Homeschoolers get social as more families go non-public
CHAPEL HILL -- Trash everything you think you know about homeschooling.
Forget the images of a small family sitting around a table, working out arithmetic problems. Toss out the thought of children whose only friends are their parents, brothers and sisters.
Today's homeschoolers say they are nothing like that.
A very positive article that interviews support group leaders in Durham, Chapel Hill, and Hillsborough. My own contribution followed the comments of Ingrid Towey, leader of the Christian Homeschool Association of Greater Durham:
... the Toweys' decision to home-school wasn't based solely on religion.
"I just thought it was the best thing for our children, to allow them to learn at their own pace," Towey said. "It allows them to bolster their weaknesses, and run with their strengths. Yet it very much feels like God has called us to home-school. He has enabled us to home-school."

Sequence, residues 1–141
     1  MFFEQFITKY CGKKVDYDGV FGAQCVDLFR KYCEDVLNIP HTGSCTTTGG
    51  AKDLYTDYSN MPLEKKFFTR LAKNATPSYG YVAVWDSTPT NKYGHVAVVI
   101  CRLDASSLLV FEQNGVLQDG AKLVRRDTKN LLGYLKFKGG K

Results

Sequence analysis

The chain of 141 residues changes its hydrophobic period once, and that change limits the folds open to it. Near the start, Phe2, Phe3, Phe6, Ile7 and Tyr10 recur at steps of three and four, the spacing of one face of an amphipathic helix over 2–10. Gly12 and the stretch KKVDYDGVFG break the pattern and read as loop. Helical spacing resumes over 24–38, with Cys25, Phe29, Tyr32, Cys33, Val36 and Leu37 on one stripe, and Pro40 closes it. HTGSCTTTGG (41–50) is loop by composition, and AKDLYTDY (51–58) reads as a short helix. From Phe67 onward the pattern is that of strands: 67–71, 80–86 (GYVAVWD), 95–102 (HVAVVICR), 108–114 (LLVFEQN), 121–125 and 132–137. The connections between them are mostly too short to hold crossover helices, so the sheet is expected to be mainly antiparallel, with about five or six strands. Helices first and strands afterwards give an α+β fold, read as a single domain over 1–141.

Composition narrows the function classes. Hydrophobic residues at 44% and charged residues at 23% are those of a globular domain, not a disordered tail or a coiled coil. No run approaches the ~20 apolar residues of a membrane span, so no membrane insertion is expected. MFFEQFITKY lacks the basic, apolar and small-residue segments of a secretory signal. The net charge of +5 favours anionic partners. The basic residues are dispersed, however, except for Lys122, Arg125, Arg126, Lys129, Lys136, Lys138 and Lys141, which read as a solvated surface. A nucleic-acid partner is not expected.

But most families do home-school for religious reasons, more flexible academics or social concerns, said Hal Young, president of North Carolinians for Home Education.
"Most families, if you talk with them, will pick one as the main reason, but admit they've considered all of the above," Young said. "My wife and I are Evangelical Christians and want that to be reflected in our children's education, but we're definitely 'all of the above' in the fuller scheme of things."
More than two-thirds of home educators are involved in a state or local organization, or both, Young said.
"Home-schooling is an individual activity, but it's not solitary," he said. "The support is key."